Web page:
The pending acquisition of Broadband VI by Liberty Latin America is now in the final approval phase, but ahead of the official deal closing, company execs are touting the potential for huge technological growth in the territory now that the two are becoming one.
Separately, both companies have invested in broadband network buildouts, offering customers within the U.S. Virgin Islands different wireless and fiber optic internet options.
“We were committed to offer resiliency, reach and redundancy in times of emergency, and AT&T had already laid the groundwork for an expansive cellular data network that aligned well to our existing broadband network,” Broadband VI Chief Operating Officer David Zumwalt said Tuesday as he spoke about Broadband’s work in the territory, which began in 2002. “Liberty’s acquisition of AT&T Wireless in the territory made it possible for us to envision precisely the kind of resilient network we wanted to provide.”
Earlier this year, Broadband secured $84.4 million in Federal Communications Commission Connect USVI funding – formerly Universal Service Funds – specifically earmarked for the completion of a comprehensive, high-speed fixed internet network. The funds will be disbursed over 10 years, amounting to approximately $8.4 million a year, and are in addition to what is being put in privately – initially by Broadband, and now Liberty as well.
“The transaction and the investment in the new fiber build is estimated to generate jobs as the company will invest tens of millions of dollars in the buildout of infrastructure,” said Naji Khoury, chief executive officer of Liberty Mobile USVI. “It is also expected to enhance the USVI’s position as a technology hub in the Caribbean, which will drive economic growth, attract foreign investment and expand tourism. The build will also drive fixed broadband competition in the USVI, which in turn will deliver better service, higher speeds, and better value for consumers.”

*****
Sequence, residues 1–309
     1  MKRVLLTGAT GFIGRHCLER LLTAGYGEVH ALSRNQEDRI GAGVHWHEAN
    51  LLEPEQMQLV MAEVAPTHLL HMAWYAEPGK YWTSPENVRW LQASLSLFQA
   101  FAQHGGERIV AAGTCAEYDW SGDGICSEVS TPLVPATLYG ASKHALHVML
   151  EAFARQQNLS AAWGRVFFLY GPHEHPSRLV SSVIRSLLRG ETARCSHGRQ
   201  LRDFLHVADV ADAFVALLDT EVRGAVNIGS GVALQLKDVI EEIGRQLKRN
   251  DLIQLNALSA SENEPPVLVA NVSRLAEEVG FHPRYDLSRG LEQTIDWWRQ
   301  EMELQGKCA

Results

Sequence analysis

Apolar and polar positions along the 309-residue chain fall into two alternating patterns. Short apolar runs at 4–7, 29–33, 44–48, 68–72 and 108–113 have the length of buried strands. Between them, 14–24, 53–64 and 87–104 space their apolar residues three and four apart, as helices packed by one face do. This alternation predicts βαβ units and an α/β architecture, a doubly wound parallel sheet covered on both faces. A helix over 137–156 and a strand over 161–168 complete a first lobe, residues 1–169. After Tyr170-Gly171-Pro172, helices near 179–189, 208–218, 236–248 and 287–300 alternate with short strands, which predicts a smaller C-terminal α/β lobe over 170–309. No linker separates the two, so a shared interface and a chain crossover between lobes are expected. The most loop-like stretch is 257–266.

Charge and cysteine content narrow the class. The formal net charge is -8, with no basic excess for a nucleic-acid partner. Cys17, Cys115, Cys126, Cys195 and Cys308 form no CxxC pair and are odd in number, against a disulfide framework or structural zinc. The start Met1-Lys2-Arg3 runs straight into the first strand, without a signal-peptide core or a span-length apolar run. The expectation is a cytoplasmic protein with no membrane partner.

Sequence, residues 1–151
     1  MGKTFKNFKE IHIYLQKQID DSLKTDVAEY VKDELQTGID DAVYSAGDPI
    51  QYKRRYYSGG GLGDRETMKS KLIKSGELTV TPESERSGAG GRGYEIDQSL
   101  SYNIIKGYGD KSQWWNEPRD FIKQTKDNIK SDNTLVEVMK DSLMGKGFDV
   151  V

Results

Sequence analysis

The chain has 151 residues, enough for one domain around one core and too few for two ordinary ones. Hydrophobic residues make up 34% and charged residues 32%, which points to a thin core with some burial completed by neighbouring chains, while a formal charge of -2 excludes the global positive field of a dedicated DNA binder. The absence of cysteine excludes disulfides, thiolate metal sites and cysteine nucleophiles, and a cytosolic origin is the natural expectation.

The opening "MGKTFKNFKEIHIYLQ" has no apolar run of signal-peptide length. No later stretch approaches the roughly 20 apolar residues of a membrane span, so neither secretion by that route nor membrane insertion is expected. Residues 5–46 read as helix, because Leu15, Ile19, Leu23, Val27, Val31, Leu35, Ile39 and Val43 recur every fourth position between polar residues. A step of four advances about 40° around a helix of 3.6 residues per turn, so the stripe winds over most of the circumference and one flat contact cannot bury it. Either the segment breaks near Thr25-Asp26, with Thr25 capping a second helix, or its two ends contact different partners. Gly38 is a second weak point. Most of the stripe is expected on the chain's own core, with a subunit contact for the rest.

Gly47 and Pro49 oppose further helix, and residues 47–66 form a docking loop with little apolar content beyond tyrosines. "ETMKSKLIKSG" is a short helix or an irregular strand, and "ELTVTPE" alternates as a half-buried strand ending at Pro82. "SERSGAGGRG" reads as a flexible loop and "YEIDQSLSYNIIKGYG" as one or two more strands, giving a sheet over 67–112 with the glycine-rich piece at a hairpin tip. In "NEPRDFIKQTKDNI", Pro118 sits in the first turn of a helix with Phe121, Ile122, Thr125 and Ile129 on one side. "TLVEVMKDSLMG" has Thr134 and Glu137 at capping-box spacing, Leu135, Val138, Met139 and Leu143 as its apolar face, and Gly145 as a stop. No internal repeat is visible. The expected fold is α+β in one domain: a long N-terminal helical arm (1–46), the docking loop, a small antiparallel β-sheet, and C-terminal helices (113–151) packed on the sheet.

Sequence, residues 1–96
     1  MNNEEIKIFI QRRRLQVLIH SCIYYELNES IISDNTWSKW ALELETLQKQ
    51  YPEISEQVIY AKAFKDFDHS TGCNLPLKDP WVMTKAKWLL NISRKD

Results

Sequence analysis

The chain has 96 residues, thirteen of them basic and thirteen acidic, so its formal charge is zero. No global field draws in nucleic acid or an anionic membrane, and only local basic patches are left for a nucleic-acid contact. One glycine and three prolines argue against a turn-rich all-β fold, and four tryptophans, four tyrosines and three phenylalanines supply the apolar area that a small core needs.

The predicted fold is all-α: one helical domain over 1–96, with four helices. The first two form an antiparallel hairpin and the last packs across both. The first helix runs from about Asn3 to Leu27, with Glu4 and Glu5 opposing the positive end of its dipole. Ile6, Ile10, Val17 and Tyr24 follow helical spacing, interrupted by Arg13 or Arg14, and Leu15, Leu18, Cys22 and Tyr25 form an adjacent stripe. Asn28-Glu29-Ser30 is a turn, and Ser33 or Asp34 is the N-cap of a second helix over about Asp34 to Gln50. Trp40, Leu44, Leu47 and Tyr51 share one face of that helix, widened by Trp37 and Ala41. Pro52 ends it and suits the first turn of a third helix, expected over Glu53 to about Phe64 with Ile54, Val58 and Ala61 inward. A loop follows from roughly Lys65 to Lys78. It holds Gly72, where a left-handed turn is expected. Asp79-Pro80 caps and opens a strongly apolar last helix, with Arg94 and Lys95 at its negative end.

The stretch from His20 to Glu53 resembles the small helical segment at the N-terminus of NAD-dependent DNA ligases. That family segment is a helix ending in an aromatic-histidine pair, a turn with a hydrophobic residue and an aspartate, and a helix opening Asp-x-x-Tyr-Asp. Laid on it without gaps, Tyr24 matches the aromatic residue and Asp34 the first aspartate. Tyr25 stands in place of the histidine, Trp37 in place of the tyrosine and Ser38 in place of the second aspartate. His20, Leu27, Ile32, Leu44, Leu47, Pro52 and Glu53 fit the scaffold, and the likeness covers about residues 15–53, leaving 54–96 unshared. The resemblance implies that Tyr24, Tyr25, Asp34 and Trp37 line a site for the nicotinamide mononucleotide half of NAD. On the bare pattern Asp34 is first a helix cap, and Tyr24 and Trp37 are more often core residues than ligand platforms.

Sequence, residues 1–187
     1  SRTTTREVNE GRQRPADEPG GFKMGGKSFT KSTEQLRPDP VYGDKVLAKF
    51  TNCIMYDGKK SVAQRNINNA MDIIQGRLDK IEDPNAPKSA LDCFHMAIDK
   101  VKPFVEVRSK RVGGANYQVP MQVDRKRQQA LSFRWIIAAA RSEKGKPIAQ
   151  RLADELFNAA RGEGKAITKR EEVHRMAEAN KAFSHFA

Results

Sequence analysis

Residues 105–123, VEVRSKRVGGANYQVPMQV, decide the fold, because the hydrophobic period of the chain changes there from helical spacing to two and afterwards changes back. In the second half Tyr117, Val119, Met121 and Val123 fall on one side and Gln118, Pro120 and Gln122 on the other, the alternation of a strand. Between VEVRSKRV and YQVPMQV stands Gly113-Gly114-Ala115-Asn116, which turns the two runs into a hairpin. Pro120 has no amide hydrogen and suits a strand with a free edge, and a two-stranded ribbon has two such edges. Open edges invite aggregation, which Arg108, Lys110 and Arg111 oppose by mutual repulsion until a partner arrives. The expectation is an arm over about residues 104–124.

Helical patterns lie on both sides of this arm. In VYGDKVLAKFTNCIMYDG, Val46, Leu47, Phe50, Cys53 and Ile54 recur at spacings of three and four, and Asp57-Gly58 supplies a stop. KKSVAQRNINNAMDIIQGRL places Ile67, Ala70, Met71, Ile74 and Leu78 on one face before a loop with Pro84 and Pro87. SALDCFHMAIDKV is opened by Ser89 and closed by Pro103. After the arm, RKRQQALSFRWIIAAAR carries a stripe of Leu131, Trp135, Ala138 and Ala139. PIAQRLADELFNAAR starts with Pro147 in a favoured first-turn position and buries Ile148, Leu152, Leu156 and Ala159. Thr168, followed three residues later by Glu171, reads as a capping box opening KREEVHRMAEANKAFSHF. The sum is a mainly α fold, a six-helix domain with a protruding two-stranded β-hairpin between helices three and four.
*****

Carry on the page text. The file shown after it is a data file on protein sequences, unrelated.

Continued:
Zumwalt added that the FCC has prioritized accessible, high-speed internet in areas like the Caribbean that are hard-hit by hurricanes and have difficulty rebounding quickly. While the USF was meant to increase access to internet in rural areas, the focus through Connect USVI is resiliency and applications that best meet those needs.
Liberty, meanwhile, had recently taken over AT&T in the territory and has been busy laying underground fiber on the way to building a hardened 5G network. Zumwalt added that when the company expressed interest in Broadband, they knew the partnership – with Liberty’s commitment to the territory – would achieve their common goal of putting fiber at “every location, meaning home, business, everything” across the islands.
“Plans include the underground deployment of a significant portion of the network within six years, identification of opportunities to strengthen the network’s resilience and reliability, plus competitive offers for residential and business customers in the USVI,” Khoury added. This also means another telecom competitor in the Virgin Islands, offering everything from cable television to wireless.
According to Khoury and Bill Neville, Broadband’s chief executive officer, Liberty and Broadband VI will work together during the transition, and will continue, as Zumwalt said, to build the company as planned: with Virgin Islanders.
Khoury also said Liberty will expand its commitment to give back to communities in the territory through the company’s nonprofit arm, Liberty Foundation.
Liberty Mobile USVI is a subsidiary of Liberty Latin America, which is headquartered in Denver, Colorado. LLA is a leading communications company operating in more than 20 countries across Latin America and the Caribbean with a roster of brands including Cable &Wireless, Flow, Liberty Mobile, and BTC.